Anne Arundel County lawmakers from both sides of the political aisle expressed openness Tuesday to changing the selection process for the county's Board of Education so that at least some of its members are elected.
The remarks, made during a public hearing on the potential for an elected or hybrid board — in which some members are elected and others are appointed — hinted at the possibility that a new approach to the decades-long debate over school board selection might gain traction next legislative session.
"It is time again for us to consider different options and whether another process would better serve Anne Arundel County," said Del. Pam Beidle, D-Linthicum, who chairs the delegation's education subcommittee.
Exactly what that new process might be remains unclear. While several public officials expressed support for a hybrid board, important details — such as how many members would be elected, who would make appointments and how to keep politics from encroaching on school board decisions — still need to be ironed out.
Currently, eight members of the county's Board of Education are appointed to five-year terms by the governor. The board also includes a student member, who serves a one-year term.
Del. Sid Saab, a Crownsville Republican who has submitted bills proposing a hybrid school board in the past two General Assembly sessions, said he plans to take up the cause again when a new session starts in January.
"I'm optimistic we can finally move forward," he said.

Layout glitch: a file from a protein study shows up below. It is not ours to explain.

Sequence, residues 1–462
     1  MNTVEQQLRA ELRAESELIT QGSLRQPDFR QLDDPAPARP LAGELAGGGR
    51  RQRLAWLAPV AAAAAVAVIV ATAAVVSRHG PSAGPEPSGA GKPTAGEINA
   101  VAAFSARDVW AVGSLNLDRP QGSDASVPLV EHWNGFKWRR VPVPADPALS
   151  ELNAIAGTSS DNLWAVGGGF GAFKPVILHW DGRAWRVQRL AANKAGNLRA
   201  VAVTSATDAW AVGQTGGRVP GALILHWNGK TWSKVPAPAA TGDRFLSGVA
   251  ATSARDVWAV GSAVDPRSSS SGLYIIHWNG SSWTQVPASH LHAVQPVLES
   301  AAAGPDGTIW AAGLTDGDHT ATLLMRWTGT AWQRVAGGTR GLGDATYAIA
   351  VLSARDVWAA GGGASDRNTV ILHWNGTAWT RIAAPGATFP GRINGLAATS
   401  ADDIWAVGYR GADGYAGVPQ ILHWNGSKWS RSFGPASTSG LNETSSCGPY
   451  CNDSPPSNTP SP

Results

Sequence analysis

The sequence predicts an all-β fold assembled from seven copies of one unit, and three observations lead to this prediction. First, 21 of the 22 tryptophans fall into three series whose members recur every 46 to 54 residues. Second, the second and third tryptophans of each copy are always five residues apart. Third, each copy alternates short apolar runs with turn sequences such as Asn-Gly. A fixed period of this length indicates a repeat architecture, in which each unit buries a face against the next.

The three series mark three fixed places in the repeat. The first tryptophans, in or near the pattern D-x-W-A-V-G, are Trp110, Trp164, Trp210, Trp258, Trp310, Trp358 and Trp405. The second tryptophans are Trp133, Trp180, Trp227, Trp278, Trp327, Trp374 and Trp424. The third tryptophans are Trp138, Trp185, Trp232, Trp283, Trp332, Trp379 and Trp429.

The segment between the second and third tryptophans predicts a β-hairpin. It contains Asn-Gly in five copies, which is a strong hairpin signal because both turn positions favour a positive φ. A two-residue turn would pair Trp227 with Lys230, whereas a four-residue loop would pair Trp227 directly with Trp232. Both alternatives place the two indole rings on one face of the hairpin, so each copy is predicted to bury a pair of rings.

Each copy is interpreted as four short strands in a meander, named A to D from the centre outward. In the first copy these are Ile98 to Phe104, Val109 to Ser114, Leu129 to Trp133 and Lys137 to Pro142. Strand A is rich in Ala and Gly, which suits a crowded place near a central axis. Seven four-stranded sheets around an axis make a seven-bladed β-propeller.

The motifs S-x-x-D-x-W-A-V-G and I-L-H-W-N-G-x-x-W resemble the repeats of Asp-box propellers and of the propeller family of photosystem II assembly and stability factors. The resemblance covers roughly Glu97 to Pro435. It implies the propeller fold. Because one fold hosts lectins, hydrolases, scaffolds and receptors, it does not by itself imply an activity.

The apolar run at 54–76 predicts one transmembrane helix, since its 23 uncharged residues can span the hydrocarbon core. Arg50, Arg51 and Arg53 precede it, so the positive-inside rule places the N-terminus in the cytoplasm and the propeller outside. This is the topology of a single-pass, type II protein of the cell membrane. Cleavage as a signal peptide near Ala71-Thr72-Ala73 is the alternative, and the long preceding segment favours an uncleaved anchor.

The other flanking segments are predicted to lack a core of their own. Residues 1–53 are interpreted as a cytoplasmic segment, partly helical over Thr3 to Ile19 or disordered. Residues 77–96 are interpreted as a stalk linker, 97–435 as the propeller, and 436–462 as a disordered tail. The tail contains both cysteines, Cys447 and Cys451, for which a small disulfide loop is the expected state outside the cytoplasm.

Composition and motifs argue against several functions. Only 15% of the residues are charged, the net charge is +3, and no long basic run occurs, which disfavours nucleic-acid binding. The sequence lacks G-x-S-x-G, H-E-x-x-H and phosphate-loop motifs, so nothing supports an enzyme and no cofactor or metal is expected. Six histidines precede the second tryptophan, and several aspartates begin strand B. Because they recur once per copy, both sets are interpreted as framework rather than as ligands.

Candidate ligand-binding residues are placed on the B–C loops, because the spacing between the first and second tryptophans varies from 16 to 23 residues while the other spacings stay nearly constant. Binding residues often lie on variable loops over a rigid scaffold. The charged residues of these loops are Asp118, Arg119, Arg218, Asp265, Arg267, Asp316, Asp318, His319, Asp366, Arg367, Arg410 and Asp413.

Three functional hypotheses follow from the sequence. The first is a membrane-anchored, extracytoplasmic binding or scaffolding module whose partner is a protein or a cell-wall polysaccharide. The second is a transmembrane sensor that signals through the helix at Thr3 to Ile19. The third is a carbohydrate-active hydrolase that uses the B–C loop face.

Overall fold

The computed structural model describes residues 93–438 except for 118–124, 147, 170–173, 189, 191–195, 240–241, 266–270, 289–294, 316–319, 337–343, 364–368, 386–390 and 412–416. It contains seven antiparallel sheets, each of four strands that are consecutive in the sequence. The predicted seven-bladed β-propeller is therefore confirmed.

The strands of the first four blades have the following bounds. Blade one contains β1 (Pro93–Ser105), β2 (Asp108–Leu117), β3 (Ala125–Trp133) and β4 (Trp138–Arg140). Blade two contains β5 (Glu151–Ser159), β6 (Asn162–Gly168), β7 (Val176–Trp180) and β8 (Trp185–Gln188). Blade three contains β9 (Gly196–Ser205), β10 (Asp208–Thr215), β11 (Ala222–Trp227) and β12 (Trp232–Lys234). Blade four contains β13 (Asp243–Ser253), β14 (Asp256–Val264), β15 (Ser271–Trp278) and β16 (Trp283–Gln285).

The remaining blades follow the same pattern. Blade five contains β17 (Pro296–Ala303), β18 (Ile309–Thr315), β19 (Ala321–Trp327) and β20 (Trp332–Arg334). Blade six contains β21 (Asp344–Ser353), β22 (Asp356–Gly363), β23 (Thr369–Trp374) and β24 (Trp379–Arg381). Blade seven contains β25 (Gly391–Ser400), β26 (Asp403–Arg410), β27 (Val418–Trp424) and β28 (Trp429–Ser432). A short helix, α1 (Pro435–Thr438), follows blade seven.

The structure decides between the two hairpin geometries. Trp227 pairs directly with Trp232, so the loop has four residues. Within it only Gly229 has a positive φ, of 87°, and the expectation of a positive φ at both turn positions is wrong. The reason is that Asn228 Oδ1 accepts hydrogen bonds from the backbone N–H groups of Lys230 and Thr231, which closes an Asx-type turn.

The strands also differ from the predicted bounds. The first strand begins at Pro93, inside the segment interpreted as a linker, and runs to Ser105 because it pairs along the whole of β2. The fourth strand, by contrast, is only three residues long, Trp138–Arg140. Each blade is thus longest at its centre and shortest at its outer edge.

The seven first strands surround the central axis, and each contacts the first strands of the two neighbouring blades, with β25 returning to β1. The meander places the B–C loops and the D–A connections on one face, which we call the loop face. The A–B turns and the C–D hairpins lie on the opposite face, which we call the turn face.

The hearing comes after months of political jousting over the makeup of a group that interviews and recommends school board candidates to the governor.
The 11-member commission, which is composed of five gubernatorial appointees, one county executive appointee and representatives from local education interest groups, was created by compromise legislation about a decade ago during former Gov. Martin O'Malley's term.
Last fall, Gov. Larry Hogan replaced O'Malley's Democratic appointees on the commission with Republicans. In February, his decision to appoint new school board members Terry Gilleland and Maria Sasso — marking the first time in decades the school board did not have an African American member among its ranks — sparked an outcry and a push to ensure greater diversity on the board.
This spring, General Assembly Democrats passed a law, over Hogan's veto, seeking to remove the governor's five appointments to the 11-member School Board Nominating Commission and replace them with new members from groups representing parents and minority communities. Democrats said the new representatives would broaden perspectives on the board, while Republicans argued they would expand Democrats' influence.
The measure was promptly challenged in Circuit Court by sitting Hogan appointees, who argue that only the governor has the power to ask them to leave. Circuit Court Judge William C. Mulford agreed, but Attorney General Brian Frosh has appealed his decision on behalf of the General Assembly. The Court of Appeals is expected to take up the case in November.
A separate lawsuit, in which commission members who represent the teachers union and other local groups are attempting to block earlier-than-usual appointments for two school board seats that don't come open until July 1, 2017, is also awaiting a final verdict.
The nominating commission, chaired by Hogan appointee Jamie Falcon, has submitted six recommendations to the governor for those seats. Hogan has yet to respond.
The school board selection process has been a perennial concern of Anne Arundel County Republicans, many of whom have long supported a fully elected board or a hybrid of elected and appointed members.
But they've been unable to get legislation changing the process off the ground in recent years. Last session, Saab withdrew his bill proposing a hybrid school board after encountering opposition.
County Executive Steve Schuh, a former state delegate, and Del. Tony McConkey, R-Severna Park, sponsored similar bills in 2013 and 2014. Neither made it to the floor for a vote.